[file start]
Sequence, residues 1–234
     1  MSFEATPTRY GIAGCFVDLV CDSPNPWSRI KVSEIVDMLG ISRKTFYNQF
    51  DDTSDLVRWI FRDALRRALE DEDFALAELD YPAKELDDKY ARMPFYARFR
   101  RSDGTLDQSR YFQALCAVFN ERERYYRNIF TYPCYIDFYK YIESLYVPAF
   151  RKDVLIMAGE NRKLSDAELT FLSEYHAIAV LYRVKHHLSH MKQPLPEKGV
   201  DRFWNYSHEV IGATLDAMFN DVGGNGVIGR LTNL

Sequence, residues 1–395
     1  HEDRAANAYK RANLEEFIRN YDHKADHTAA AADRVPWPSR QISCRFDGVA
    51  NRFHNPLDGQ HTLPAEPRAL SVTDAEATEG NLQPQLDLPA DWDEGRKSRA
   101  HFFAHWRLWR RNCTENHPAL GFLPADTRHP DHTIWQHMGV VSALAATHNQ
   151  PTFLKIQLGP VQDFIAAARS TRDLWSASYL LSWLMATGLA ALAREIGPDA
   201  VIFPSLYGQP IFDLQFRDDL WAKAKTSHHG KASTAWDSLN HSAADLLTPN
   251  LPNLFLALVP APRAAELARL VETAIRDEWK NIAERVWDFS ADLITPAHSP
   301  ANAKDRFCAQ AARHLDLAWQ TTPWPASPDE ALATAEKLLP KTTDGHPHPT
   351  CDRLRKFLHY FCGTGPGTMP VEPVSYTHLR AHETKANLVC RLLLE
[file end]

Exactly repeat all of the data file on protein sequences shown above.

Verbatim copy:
Sequence, residues 1–234
     1  MSFEATPTRY GIAGCFVDLV CDSPNPWSRI KVSEIVDMLG ISRKTFYNQF
    51  DDTSDLVRWI FRDALRRALE DEDFALAELD YPAKELDDKY ARMPFYARFR
   101  RSDGTLDQSR YFQALCAVFN ERERYYRNIF TYPCYIDFYK YIESLYVPAF
   151  RKDVLIMAGE NRKLSDAELT FLSEYHAIAV LYRVKHHLSH MKQPLPEKGV
   201  DRFWNYSHEV IGATLDAMFN DVGGNGVIGR LTNL

Sequence, residues 1–395
     1  HEDRAANAYK RANLEEFIRN YDHKADHTAA AADRVPWPSR QISCRFDGVA
    51  NRFHNPLDGQ HTLPAEPRAL SVTDAEATEG NLQPQLDLPA DWDEGRKSRA
   101  HFFAHWRLWR RNCTENHPAL GFLPADTRHP DHTIWQHMGV VSALAATHNQ
   151  PTFLKIQLGP VQDFIAAARS TRDLWSASYL LSWLMATGLA ALAREIGPDA
   201  VIFPSLYGQP IFDLQFRDDL WAKAKTSHHG KASTAWDSLN HSAADLLTPN
   251  LPNLFLALVP APRAAELARL VETAIRDEWK NIAERVWDFS ADLITPAHSP
   301  ANAKDRFCAQ AARHLDLAWQ TTPWPASPDE ALATAEKLLP KTTDGHPHPT
   351  CDRLRKFLHY FCGTGPGTMP VEPVSYTHLR AHETKANLVC RLLLE